One of the many ways scientists are working to unravel the mysteries of Alzheimer's is by conducting experiments on mice that have been genetically engineered to develop the disease. Researchers pondering the protective potential of compounds found in green tea and carrots have again taken this route and returned some promising results, with the Alzheimer's mice demonstrating unimpaired cognitive function following a carefully designed bout of treatment.
The research was carried out by medical scientists at the University of Southern California and involved a pair of compounds found in green tea and carrots. The first is ferulic acid, or FA, an antioxidant found in carrots rice and tomatoes that has shown potential in this area. The other is called epigallocatechin-3-gallate, or EGCG, and is a key ingredient in green tea that has shown promise in research projects aiming to develop Alzheimer's treatments, better protect teeth, deliver cancer-killing drugs and even prevent heart attacks.
"We had previously shown that each of these compounds on their own could reduce Alzheimer's changes in brains of mice genetically programmed to develop the disease," senior author on the study Terrence Town tells New Atlas.
Town and his colleagues designed a study to see how the two work might work in tandem to treat Alzheimer's. Thirty-two mice with Alzheimer's-like symptoms were enlisted for the experiment and divided into four groups with the males and females split evenly, while healthy mice were also thrown into each group for the sake of comparison.
Over a period of three months, one group was fed a combination of EGCG and FA, one group was fed EGCG alone, another FA alone and the final group a placebo. The compounds were administered in dosages of 30 milligram per kilogram of body weight, which the scientists say is in line with what a human would consume as part of a healthy diet.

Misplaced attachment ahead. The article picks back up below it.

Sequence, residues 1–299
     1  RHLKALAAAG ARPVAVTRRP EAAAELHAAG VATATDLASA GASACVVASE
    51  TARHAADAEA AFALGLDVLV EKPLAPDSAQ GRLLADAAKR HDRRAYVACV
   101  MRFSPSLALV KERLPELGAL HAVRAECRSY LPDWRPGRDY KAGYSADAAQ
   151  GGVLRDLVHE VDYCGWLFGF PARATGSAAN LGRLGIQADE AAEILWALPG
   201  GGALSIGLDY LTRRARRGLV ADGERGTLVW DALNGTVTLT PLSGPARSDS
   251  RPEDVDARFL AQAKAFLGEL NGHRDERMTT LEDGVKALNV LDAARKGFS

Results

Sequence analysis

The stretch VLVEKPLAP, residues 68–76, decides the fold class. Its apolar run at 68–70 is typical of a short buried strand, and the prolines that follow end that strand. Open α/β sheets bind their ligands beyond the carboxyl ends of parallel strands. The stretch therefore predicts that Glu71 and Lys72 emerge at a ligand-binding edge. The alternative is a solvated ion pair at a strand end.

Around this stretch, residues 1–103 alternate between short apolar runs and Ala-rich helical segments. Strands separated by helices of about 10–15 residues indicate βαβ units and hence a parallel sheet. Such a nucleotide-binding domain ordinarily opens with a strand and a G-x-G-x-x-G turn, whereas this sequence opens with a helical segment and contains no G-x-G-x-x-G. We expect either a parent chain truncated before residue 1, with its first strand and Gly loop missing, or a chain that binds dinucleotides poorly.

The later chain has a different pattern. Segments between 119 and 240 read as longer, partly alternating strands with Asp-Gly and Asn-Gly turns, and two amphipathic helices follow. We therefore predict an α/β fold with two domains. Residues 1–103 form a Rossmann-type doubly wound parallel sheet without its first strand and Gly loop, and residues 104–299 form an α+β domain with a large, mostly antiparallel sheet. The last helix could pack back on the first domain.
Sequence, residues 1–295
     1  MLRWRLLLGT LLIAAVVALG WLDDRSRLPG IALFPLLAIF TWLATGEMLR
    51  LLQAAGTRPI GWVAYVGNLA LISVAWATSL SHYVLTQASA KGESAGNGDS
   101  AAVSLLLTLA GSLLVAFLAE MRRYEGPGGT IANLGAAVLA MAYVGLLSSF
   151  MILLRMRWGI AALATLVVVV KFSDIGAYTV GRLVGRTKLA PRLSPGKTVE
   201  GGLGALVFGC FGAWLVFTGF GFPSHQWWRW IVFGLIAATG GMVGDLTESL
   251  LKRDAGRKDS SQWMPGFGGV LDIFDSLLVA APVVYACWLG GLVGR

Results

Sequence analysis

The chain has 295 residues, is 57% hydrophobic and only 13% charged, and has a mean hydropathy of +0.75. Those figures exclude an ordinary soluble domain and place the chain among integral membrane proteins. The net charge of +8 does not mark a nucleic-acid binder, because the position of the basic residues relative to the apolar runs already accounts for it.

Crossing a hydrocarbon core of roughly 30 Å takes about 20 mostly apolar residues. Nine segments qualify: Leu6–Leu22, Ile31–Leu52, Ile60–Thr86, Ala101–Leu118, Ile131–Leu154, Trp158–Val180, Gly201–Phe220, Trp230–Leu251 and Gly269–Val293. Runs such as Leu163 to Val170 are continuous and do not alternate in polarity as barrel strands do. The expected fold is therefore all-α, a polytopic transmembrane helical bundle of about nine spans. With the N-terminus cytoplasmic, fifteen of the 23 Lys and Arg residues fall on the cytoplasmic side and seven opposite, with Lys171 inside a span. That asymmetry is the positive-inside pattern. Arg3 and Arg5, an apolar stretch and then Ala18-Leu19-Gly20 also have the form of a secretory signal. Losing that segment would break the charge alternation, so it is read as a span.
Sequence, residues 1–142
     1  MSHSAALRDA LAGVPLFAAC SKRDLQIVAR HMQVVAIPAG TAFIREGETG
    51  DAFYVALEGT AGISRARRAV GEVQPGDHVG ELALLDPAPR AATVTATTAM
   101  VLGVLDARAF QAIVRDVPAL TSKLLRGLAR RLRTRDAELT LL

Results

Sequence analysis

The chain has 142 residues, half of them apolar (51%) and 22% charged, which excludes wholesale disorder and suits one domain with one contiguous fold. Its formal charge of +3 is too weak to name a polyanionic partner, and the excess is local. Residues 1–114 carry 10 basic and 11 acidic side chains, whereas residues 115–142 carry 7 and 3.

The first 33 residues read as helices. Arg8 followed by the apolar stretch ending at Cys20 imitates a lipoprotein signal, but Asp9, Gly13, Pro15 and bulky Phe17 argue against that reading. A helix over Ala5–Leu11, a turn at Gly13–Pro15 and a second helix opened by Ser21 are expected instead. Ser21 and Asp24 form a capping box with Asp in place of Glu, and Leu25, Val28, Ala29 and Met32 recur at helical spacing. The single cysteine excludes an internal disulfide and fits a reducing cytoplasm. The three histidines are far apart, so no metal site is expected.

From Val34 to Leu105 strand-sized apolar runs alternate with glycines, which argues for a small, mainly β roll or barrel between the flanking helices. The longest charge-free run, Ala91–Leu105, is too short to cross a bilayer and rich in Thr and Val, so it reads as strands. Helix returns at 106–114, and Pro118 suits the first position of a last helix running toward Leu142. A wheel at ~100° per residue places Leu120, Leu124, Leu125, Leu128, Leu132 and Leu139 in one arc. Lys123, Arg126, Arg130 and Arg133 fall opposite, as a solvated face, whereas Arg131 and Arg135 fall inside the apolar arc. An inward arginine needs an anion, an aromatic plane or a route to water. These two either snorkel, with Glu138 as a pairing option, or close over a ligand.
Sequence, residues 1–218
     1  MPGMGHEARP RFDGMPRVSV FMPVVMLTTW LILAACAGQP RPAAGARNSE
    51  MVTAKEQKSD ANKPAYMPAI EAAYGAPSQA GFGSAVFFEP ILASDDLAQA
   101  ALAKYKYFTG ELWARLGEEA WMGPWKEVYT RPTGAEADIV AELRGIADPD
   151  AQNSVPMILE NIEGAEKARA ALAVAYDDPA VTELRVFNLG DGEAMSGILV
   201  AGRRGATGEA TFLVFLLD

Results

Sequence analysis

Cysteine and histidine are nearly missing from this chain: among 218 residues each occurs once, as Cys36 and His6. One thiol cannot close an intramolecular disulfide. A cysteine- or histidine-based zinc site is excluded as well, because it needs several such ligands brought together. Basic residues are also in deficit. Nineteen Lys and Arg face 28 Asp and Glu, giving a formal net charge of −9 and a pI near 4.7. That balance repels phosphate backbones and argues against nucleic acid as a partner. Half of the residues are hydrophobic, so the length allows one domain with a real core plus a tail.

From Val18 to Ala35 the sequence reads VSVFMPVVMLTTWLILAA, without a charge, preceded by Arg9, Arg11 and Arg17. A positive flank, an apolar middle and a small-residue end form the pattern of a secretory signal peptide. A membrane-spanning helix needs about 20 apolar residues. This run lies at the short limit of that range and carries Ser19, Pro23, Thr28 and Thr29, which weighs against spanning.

The mice were put through neurophysiological tests before and after the regime, and by observing changes in their behavior the scientists were able to tease out some useful insights. These exercises are claimed to be more or less analogous to those used to test thinking and memory capacity in human dementia patients, and the most fruitful of them was a spatial working memory test using a Y-shaped maze.
Where healthy mice are able to explore each arm of the Y maze on the hunt for food or an escape in a well-reasoned manner, impaired mice soon become disoriented. The special diet, however, seemed to put their performance back on par, completely restoring their spatial working memory and enabling them to perform just as well as the healthy mice. The Alzheimer's mice performed better in other tests, too.
"We conducted a battery of cognitive tests and found reversal of other cognitive aspects, such as reduced anxiety-like behavior in an open field and remediated spatial reference memory in a radial arm water maze," Town tells us.
While scientists don't know exactly why this happened, they have some ideas. The buildup of brain plaque called amyloid beta is commonly associated with the onset of Alzheimer's and indeed countless research projects have probed these toxic proteins in hope of uncovering new ways to treat or even reverse the disease. The scientists suspect these natural compounds may be intervening in their accumulation.
"One mechanism appeared to be the substances' ability to prevent amyloid precursor proteins from breaking up into the smaller proteins called amyloid beta that gum up Alzheimer patients' brains," Town says. "In addition, the compounds appeared to reduce neuroinflammation and oxidative stress in the brain – key aspects of Alzheimer's pathology in humans."
It is currently unknown how these results will translate to humans, if at all. And though treating Alzheimer's certainly isn't as simple as drinking more tea or eating more carrots, the scientists are buoyed by the study because they say it sheds more light on the role a healthy diet might play in its onset. They will now continue investigating other plant-derived compounds that can also block the buildup of the amyloid beta plaques, in hope of working toward combination therapies that can stave off its effects.
"You don't have to wait ten to 12 years for a designer drug to make it to market; you can make these dietary changes today," says Town. "I find that very encouraging."
The research was published in the Journal of Biological Chemistry.
Source: University of South Carolina
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